I've begun playing NAIRI: Tower of Shirin on Nintendo Switch and, despite all the AAA titles recently released, this is the game that I'm anxious to return to. Others have more bells/whistles/production values, but NAIRI is a charming, beautiful title that is engrossing and fun to get lost in and, as such, is somewhat of a rarity these days.
Developer Home Bear Studio, a small independent Dutch company, has crafted a gem to judge by the opening portion of the game. A kind of storybook hand-drawn art style (including endearing facial expressions), spare melodic score, effective ambient sounds, compelling characters, amusing banter and classic point-and-click adventure gameplay combine for an addictive experience.
The game begins with a young girl named Nairi being whisked away from her privileged upbringing by family friends after her parents have been abducted by the Royal Guard. That act sets in motion events that force her to confront an unfamiliar world of gangs set in the poor district of her city of Shirin. She will then have to team with a former gang member to unravel the mystery of the city's tower.
I'm reminded of the story of Aladdin, but that might have more to do with the setting. Shirin is an oasis city whose desert location, architecture of domes and minaret-like towers, and names like Nur, Asim, Omar, Riyad and Zakat all reflect a Middle Eastern influence. This element of the design helps to establish an exotic feel for this fantasy populated by human and animal characters.
Character design itself is truly alluring whether Nairi or the cat bandits or duck gang members she comes into contact with in the beginning. All benefit from a children's book art style in every frame, but especially pronounced in beautiful storyboard-like cut scenes. They look adorable, but can appear tough or vulnerable when the story calls for it. Expressions are emotive in an impressive, almost exaggerated cartoon style.
Each character's lines of dialog (which are text only) are well written and likewise help establish their distinct personalities. The exchanges and/or banter help to set each apart from the others, while demonstrating their attachment to one another. Humor is a big part of the exchanges, as gang members trade barbs and city residents offer sarcasm. My favorite example so far: "You might not be a duck, but at least you're a gangster bird!"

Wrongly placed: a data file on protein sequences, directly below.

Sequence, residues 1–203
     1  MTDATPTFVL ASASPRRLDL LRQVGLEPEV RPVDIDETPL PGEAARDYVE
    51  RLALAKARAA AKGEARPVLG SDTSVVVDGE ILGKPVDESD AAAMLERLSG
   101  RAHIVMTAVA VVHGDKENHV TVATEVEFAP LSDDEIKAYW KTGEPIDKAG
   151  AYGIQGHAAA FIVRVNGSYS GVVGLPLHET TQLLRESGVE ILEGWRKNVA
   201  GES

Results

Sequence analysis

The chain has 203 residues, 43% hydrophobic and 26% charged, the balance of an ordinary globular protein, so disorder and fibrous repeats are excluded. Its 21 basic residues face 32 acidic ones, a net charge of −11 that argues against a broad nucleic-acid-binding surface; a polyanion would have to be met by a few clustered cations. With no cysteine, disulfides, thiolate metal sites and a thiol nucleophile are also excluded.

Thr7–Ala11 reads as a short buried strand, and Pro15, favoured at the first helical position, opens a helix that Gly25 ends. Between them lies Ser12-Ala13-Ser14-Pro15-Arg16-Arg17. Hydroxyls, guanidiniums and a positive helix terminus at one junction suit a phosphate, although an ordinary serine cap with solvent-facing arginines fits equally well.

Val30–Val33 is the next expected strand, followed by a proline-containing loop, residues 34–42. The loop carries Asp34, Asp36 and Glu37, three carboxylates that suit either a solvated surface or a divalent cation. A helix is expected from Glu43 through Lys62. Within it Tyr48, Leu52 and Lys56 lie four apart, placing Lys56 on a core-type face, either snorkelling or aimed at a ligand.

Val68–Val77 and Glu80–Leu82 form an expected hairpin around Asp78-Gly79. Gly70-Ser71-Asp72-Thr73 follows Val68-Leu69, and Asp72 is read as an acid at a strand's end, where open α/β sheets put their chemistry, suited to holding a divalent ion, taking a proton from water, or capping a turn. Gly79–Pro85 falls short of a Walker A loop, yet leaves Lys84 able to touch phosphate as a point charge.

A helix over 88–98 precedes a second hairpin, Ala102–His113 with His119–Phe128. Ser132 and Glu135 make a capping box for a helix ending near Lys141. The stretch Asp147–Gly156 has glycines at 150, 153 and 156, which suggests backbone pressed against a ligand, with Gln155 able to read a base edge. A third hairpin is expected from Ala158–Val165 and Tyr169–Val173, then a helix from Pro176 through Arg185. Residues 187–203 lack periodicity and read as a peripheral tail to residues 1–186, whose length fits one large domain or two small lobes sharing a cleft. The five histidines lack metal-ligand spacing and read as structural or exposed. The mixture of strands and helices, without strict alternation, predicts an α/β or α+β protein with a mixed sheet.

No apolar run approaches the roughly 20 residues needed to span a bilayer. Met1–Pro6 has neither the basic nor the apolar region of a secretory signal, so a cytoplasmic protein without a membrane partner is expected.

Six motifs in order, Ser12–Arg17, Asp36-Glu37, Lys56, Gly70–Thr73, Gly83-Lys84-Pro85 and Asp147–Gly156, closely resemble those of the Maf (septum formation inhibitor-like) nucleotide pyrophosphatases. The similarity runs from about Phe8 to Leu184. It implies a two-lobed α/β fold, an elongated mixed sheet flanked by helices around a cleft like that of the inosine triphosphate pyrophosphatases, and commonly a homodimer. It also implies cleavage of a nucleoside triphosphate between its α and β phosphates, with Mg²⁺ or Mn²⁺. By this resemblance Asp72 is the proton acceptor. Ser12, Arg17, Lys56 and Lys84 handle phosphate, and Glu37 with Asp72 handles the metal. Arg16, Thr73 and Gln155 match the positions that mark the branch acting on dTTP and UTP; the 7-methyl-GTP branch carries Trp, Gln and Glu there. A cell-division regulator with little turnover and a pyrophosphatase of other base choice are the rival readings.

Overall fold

Without spoken dialog, other sounds become more prominent. It's a good thing, then, that the score, sound effects and ambient noises are so well executed. Music can range from a kind of music box sound suggestive of childhood, to simple melodic arrangements that include string instruments like guitar or harp and possibly wind instruments like clarinets. All are perfect accompaniment for every scene.
Sound effects include opening a metal gate, the clash of metal in sword or knife fights, the pressing of buttons, etc. Ambient noises include strong desert winds, soft city breezes rustling leaves in the trees, birds like doves or crows, and crickets at night. All are well-implemented and help establish scenes and action. The one drawback for me is the tapping of a keyboard whenever dialog appears on screen, which is often.
If the well-designed game world establishes an interesting setting and compelling characters, the controls themselves offer classic point-and-click gameplay that is well-executed. Playing on the Switch allows added options of motion control or touchscreen functionality. All are viable alternatives though I did find some to be better than others.
Joy-Con motion controls proved to be the most floaty and therefore imprecise of the control options. The hand symbol cursor had a little too much movement when using motion controls, compared with a more steady adjustment using the analog sticks despite sometimes overshooting a target. Touchscreen likely offered the most control, but sacrificed being able to clearly see the object being moved and its placement. Still, all options are serviceable and don't interfere with gameplay.
The principal element of gameplay to begin with is hidden objects exploration. This is aided by detailed screens of the areas being explored, and a change in the icon to a magnifying glass or pointing finger when hovering over a noteworthy item. Nairi will collect special items such as knives, keys, crowbars, glue, screws, etc. These can be used, combined or given to further the story/action.
Many of these items can be found in the environment though some and others (like candy or lock picks) can be purchased from a street vendor. Helpfully, coins can be found in the streets of Shirin so lucky collectors can use them in turn to purchase necessities. That said, I found it odd that I could steal from one vendor's coin bag beside him to buy lollipops from his inventory.
Whether collecting loose change or other found objects, or purchasing items from a vendor, certain objects will come in handy when characters ask or demand something from you. At times, these fetch quests offer no obvious quid pro quo, but finding and crafting something cool for one character, or getting snacks for thugs, might prompt them to move on, opening a new path and/or area for Nairi to explore.